From limestone to lifestone – The story of Durgi art
A technique that dates back to as early as the 3rd century AD, these intricate stone carvings have been a part of our world since the Paleolithic civilisation.
A technique that dates back to as early as the 3rd century AD, these intricate stone carvings have been a part of our world since the Paleolithic civilisation. History also has it that, around the 15th century, around 300 Buddhist followers came together to illustrate Buddhism by carving idols, statues and stupas of the Buddha. And this is what is recalled as the genesis of Durgi art.
One of the earliest, longest and most celebrated art forms of India, and especially in the south of India, the Durgi stone craft attributes its name to the town it hails from – Durgi, which is located in the Palnadu region of Guntur, Andhra Pradesh. It is said that, back in the day, several artisans had gotten together to build a Durga temple in the village, which then went on to become the name of the village. A town known for its rich history of temples, Durgi art is made from a uniquely soft limestone called "Suddha Rai", which is found underneath the earth's surface layer and is machine-quarried.
The reason why it is the most preferred is because of its soft texture which makes it much easier for sculpting. It is also a lot lesser expensive than marble and granite. The Durgi art craftspeople have always relied on Shilpa Shastras for their techniques. That said, although that makes it a fairly traditional art form, today several products are specially sculpted for a wider mass appeal. In other words, Durgi art is no longer limited to the idols of gods and goddesses but has expanded its scope to exquisite home décor items, vases, back-yard and garden statues, jewellery boxes and sculptures as well.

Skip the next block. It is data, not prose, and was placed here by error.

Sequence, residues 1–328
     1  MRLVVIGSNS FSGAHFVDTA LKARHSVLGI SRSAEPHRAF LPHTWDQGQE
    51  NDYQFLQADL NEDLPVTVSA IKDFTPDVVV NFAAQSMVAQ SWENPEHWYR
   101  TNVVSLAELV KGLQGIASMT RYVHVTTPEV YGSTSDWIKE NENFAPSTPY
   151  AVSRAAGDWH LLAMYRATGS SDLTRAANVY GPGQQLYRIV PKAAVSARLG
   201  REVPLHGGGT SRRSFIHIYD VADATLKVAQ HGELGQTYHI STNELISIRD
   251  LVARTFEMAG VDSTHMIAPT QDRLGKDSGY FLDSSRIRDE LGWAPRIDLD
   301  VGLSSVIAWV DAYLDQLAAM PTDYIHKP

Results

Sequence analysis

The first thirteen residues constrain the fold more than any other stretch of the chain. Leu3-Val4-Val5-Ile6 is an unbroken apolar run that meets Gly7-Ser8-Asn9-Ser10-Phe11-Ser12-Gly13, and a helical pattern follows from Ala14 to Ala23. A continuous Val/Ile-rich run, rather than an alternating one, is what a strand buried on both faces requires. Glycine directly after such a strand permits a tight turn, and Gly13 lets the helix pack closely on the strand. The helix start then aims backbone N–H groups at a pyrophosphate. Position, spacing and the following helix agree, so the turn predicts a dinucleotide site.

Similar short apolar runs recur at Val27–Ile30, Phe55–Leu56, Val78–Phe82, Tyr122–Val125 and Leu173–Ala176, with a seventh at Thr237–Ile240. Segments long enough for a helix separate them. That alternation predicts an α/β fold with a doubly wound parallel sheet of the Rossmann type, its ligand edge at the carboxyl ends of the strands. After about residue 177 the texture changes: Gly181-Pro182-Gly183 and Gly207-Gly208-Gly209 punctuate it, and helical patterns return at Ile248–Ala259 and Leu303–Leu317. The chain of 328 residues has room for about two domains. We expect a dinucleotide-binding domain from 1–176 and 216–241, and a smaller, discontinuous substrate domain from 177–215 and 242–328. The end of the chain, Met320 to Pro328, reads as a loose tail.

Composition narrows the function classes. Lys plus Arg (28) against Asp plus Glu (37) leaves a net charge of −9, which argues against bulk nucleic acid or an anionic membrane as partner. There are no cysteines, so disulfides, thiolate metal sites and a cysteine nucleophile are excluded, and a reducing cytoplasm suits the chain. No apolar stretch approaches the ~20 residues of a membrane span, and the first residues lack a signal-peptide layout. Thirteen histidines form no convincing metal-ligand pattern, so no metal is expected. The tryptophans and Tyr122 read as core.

As far as temple architecture is concerned, the Durgi craft finds its place both in northern and southern India. In the north, it goes by the Nagara style and in the south, it goes by the Dravida style. All the Durgi craftsmen belong to the Viswabrahmin community who firmly believe that they inherit their skill of bringing stones to life. Most of these sculptors live in and around the Durgi and Obulesunipalle villages of the Durgi mandal.
Despite being the longest-surviving art form and being such a hit at it, today, less than fifty families of sculptors are known to be found living in the village. Most other sculptors have moved to bigger places for better livelihood. The government, in terms of its support towards Durgi stone craft, has done as far as establishing a school, in 1962, dedicated to teaching this art form; and giving it a GI tag in 2017. The sculptors are expecting a lot more support to continue keeping this art form alive.
With close to 2,500 sq ft of stone being mined for the production of Durgi stone craft, the demand for Durgi stone craft seems like a never-dying one. But the involvement from the important stakeholders to keep this art form alive has been on a downward trend. While it is a worrisome trend, collectively we can bring a change if we wish to.
So, for your upcoming event, why don't you consider gifting a beautiful piece of Durgi art to your loved one – now that it has even expanded its scope, for you?
(The writer is a handloom and handicraft enthusiast. She is also a member of the crafts council. Instagram handle: Rajeswariramachander)